Interview with John Clamp – The Prolific ErikaWithAK Author

What travel stories do you have?

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john clamp

Interview with John Clamp – The Prolific ErikaWithAK Author

Hello John Clamp, can you tell us a bit about yourself?

Sure. I was raised in Bristol, U.K., where my father was an academic at the university. I’ve split my working life between journalism and teaching. I worked on newspapers in the UK, including regional dailies. However, I’ve always traveled when I could. I lived in Hong Kong in 1989 and 1990 and have wanted to come back to Asia ever since. Back then I explored China and South East Asia. I finally decided to head to the Far East for good in 2008, just before the sub-prime debacle (though the timing was pure accident). The first thing I did when I got here was learn to scuba dive, on Koh Tao in the Gulf of Thailand. Since then, I’ve been exploring and working around the region and have lived in Thailand, China, Myanmar, and now Cambodia. The only things that travel with me permanently are my laptop, my Henckels chef knife, my binoculars, and my phone, which I use to take all the photography for my pieces (except for the underwater stuff!)

What first got you into writing and travel?

I had great English teachers at school who made me love the written word, and at home I devoured Willard Price adventures, which are enough to make any young kid want to travel (though now they’re a bit dated). However I really got into foreign travel when our dad would take us along to medical conferences, which always seemed to be in cool destinations such as Jerusalem, Cairo, and Budapest.

Tell us how you came to make northern Thailand your home?

That’s an easy one. Little Minx is the reason. A week after I arrived in Chiang Mai to take a course I was out with an American friend one night, and saw her. That was it. We’ve been married almost nine years now. You know when you make impulsive decisions and they turn out to be dumbass ideas? This was one of those times when I did something wholly impulsive and knew even at the time that it was right. I stayed in Chiang Mai for five years before moving to the very north of the country, where I fulfilled an ambition by building a house to my own design.

Now, I’m in Phnom Penh in Cambodia, actually working on newspapers again (I’m managing editor of supplements at the Phnom Penh Post) and trying to keep up with my freelance work at the same time.

What inspires you to write?

I love to tell stories, and writing is another way of doing this. I also wanted to put things on record, to create a body of work that one day my children will perhaps read.

What was your most interesting work experience?

Also an easy one. It was smuggling antique carpets from China into Hong Kong back in 1989 for my Afghan friends. The job itself was easy (immigration and customs officials were too deferential to young, white Westerners to pull me, even then). However, the fun and companionship was the best.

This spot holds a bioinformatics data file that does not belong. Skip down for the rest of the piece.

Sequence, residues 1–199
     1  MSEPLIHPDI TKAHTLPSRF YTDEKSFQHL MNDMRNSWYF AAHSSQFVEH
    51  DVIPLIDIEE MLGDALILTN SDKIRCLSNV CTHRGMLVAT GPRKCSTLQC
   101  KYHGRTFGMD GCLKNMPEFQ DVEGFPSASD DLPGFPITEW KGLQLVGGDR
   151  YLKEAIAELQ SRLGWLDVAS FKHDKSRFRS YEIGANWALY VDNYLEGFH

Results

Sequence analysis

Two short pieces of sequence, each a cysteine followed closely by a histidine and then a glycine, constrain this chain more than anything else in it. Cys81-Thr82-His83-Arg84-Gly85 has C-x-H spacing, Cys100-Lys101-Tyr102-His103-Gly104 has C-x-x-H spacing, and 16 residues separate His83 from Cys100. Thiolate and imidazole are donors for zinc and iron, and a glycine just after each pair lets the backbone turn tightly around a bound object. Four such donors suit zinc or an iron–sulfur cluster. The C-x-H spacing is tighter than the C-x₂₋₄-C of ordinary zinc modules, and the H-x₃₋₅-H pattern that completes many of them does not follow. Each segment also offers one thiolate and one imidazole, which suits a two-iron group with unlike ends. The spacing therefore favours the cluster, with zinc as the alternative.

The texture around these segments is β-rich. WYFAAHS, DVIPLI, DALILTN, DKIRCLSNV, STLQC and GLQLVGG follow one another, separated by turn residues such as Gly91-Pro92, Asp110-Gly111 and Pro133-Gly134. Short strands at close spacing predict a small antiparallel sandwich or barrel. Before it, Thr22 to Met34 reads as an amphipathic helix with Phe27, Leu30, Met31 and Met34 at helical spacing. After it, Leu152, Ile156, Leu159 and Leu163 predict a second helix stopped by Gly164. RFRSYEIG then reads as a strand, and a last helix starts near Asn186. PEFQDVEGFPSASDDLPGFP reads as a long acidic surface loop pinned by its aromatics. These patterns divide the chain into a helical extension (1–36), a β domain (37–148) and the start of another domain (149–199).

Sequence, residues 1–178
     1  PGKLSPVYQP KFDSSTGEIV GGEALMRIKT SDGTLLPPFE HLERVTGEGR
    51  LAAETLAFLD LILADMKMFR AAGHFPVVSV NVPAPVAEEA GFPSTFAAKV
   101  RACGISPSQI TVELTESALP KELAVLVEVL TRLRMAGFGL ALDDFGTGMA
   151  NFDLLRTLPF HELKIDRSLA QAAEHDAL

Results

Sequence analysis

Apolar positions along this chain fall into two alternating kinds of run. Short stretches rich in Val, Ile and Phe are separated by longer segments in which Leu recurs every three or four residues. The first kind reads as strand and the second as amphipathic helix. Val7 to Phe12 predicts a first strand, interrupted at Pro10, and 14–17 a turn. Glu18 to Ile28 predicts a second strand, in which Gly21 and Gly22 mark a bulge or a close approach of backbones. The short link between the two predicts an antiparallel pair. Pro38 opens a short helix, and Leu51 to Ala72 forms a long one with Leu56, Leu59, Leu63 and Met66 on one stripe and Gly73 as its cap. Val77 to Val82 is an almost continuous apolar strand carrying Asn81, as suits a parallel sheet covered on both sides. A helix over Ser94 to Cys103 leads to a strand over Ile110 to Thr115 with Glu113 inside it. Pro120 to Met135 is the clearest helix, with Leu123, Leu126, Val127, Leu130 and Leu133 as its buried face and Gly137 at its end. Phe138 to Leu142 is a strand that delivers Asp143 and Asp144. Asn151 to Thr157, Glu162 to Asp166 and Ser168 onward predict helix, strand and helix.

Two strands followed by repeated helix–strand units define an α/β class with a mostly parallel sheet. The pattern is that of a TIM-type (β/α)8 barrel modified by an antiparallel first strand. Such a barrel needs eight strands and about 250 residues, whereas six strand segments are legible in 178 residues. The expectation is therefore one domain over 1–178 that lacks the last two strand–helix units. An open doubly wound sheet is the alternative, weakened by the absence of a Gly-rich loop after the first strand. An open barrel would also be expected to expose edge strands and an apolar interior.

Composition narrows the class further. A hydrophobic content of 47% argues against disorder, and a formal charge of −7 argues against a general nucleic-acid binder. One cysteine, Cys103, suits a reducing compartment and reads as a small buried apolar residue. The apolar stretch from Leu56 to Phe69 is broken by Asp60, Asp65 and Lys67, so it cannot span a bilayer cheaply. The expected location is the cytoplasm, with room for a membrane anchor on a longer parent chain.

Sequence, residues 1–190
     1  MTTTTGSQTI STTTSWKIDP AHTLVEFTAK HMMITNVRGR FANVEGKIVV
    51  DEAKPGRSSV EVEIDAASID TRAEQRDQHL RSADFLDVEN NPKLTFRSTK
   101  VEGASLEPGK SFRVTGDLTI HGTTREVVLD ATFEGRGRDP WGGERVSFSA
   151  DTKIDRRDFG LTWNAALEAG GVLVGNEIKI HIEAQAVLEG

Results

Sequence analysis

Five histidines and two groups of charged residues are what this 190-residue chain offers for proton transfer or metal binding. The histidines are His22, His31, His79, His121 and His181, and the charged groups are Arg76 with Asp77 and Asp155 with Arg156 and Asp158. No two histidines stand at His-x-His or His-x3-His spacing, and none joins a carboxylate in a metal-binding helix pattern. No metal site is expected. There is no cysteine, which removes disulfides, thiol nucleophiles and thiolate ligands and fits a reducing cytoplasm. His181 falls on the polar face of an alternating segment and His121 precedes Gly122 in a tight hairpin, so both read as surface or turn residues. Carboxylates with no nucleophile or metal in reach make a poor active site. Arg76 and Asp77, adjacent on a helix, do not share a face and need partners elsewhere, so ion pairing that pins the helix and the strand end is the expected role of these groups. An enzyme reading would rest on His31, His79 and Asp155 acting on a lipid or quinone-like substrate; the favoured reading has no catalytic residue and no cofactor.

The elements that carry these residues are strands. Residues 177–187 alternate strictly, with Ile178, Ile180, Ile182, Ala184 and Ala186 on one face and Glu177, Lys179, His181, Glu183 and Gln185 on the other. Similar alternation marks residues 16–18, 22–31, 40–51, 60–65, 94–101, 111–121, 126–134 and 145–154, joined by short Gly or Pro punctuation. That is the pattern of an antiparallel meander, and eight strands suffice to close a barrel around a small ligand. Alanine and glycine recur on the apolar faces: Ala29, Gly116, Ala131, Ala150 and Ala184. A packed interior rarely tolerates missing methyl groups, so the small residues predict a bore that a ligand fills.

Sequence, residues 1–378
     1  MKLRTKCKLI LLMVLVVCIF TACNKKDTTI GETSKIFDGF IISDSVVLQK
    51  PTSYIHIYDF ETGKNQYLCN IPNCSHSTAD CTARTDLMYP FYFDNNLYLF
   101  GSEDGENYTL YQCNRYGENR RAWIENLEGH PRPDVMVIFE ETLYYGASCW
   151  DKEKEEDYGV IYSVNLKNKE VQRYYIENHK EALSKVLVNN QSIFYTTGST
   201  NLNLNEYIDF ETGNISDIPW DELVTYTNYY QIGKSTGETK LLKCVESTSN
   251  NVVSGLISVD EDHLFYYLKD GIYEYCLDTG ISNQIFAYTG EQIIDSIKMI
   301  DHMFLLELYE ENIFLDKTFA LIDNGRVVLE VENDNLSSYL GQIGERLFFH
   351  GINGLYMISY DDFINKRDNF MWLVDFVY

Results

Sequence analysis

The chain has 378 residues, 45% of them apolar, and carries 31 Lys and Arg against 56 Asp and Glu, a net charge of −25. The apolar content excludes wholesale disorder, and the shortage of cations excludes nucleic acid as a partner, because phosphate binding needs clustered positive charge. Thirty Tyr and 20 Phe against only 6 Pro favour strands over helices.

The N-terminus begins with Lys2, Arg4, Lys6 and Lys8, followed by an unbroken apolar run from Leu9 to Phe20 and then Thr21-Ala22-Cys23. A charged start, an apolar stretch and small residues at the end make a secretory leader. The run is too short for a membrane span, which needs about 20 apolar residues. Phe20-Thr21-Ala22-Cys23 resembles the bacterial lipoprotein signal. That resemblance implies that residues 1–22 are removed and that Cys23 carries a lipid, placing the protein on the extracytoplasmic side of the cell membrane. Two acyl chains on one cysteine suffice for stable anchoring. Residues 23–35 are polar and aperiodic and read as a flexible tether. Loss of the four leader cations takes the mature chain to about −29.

What was your favorite story to write?

That’s a difficult question. I would have to say that it will be the Angkor series, because like many good things, those stories arise from a question (‘what’s up with that rock? It looks funny.’/’how’d they make those figures look so amazing?’). I also loved writing the piece about Otres Beach, because Little Minx and I had such a fantastic time on that holiday.

In a few words, what is one of your best travel experiences?

I’d have to say being given a camarote (a private booth) at the Sambadrome for a night during the Rio Carnival. Totally awesome.

You scuba-dive, ride motorcycles and once forced yourself to live on 16 RMB ($2.46) a day: what is the craziest thing you have done?

That’s not a hard question, either. When you self-build a house, there are countless times when you say to yourself ‘Whose goddamned idea was this?’ only to answer ‘Yours, you idiot, so bloody well get on with it!’ That was indeed a crazy thing to do, but it turned out okay I guess. We’ve a lovely house right near the Myanmar border in a beautiful part of the world.

Tell us a few things that we may not know about where you live.

Well, I’m currently living in Phnom Penh, where you can actually see a river flowing uphill. The pressure from the huge volume of water flowing down the Mekong during rainy season at Phnom Penh forces the waters of the Tonle Sap River to reverse course. The pressure is such that the Tonle Sap lake, which sits as the head of the eponymous river, fills back up and irrigates thousands of square kilometers of farmland.

How often do you eat barbecued rat?

Very funny! Barbecued rat is like sheep’s eyes, bee salad, and deep-fried tarantulas: something you eat only once. It wasn’t unpleasant, but I won’t be putting it on the family menu any time soon!

For all of John Clamp’s stories, click here.